Malta 1 Dec 1808 Strength: 13 Commissioned and Warrant Officers, 23 NCOs, 160 rank and file fit for duty, 196 total officers and men.
1809 Maltese Provincial Battalion
1810 Maltese Provincial Battalion
Malta 25 June 1810 Field officers present: 3; Captains present: 2; Subalterns present: 14; Rank and File (Effective): 212.
1811 Maltese Provincial Battalion
Malta 20 Aug 1811 Conte Luigi Maria Gatto was appointed to command the battalion after Marquis Parisi resigned his commission.
Malta 25 Oct 1811 Field officers present: 2; Captains present: 0; Subalterns present: 16; Rank and File (Effective): 261.
1812 Maltese Provincial Battalion
Malta 1812 The battalion had 249 men under the command of Conte Luigi Maria Gatto. Its HQ Coy was at Cottonera.
Malta 25 Oct Field officers present: 2; Captains present: 6; Subalterns present: 16; Rank and File (Effective): 251.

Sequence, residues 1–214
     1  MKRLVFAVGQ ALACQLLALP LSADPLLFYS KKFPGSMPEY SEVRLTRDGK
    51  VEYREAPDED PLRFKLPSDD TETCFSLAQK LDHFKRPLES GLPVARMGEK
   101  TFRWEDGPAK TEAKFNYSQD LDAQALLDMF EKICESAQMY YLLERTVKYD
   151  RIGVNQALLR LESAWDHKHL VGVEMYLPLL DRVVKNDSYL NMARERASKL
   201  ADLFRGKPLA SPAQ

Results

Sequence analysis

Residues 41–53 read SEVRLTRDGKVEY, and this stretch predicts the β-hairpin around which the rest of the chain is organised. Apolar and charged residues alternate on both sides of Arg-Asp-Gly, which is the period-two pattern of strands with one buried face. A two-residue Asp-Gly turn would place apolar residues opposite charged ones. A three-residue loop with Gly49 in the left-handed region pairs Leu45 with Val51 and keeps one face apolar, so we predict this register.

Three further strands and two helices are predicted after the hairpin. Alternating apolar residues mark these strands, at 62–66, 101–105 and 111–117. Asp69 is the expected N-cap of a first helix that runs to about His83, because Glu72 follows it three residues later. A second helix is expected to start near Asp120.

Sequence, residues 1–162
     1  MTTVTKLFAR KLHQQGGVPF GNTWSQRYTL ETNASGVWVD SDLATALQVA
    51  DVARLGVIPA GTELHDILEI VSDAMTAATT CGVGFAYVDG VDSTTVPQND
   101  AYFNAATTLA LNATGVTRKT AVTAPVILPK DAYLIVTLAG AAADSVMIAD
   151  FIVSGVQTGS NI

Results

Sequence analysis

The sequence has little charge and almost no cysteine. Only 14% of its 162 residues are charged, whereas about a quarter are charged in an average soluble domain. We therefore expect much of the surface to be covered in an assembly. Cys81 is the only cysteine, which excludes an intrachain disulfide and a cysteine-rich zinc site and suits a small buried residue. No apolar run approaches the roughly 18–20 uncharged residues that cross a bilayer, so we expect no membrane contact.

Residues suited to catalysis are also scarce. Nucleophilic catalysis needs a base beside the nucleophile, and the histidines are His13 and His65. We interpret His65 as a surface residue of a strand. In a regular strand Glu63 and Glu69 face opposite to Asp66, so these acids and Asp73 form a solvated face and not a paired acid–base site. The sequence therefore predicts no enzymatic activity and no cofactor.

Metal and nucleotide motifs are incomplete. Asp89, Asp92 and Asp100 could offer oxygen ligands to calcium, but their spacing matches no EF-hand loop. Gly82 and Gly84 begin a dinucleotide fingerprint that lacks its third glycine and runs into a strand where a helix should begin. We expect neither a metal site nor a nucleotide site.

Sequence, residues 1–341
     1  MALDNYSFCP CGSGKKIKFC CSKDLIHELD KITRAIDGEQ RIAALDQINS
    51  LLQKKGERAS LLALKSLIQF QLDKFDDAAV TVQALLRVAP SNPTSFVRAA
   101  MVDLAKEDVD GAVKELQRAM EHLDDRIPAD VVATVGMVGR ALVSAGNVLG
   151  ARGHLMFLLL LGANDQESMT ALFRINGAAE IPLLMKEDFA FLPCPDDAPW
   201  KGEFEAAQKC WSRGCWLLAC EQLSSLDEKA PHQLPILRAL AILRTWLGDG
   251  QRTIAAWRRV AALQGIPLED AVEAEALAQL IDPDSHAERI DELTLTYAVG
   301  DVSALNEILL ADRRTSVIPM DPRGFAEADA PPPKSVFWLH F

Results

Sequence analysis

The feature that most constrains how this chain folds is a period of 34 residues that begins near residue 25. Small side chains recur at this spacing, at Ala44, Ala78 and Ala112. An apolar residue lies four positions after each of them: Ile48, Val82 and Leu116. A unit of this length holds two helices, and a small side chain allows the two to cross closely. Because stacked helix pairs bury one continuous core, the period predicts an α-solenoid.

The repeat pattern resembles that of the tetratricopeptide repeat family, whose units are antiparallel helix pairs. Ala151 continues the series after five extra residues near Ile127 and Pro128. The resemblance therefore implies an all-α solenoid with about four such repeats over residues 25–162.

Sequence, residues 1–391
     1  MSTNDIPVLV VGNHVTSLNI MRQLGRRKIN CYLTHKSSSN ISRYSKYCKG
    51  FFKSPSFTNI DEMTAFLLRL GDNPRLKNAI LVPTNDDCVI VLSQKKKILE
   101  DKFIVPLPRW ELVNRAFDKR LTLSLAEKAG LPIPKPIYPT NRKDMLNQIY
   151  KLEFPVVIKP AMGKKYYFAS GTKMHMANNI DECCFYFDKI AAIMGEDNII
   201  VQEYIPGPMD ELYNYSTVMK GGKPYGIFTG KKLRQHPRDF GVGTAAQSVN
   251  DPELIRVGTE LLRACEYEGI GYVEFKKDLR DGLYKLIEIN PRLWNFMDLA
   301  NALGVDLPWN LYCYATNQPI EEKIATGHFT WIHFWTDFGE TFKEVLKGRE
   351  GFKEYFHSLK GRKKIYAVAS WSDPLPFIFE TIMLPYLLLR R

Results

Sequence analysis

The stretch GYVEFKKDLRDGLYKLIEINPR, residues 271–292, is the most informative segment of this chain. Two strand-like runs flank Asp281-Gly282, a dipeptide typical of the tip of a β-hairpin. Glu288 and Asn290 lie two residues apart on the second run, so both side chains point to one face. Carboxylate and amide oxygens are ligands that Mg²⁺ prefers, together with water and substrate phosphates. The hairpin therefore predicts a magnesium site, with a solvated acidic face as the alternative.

Malta 25 Dec 1812 Field officers present: 2; Captains present: 6; Subalterns present: 16; Rank and File (Effective): 249.
1813 Maltese Provincial Battalion
Malta 25 Feb 1813 The Provincials was under the command of Lt Col Conte Luigi Maria Gatto.
Malta 25 Feb Field officers present: 2; Captains present: 6; Subalterns present: 16; Rank and File (Effective): 249.
Malta 25 May Field officers present: 2; Captains present: 6; Subalterns present: 16; Rank and File (Effective): 246.
Malta 1 June Proposed establishment on 1 June 1813 was: 1 surgeon and 2 assistant surgeons (subsequently reduced to 1 assistant surgeon) with pay of 5 scudi 6 tari (11s) for the surgeon, and 3 scudi 3 tari (6s 6d) for the assistant surgeon.
The battalion rendered valuable service during the plague of 1813.
Malta 25 Aug 1813 Rank and File (Effective): 142.
1814 Maltese Provincial Battalion
Malta 25 June 1814 The 1st Provincial Bn was reduced to four companies.
A Corps of Veterans was raised for public duties in 1814.
1815 Maltese Provincial Battalion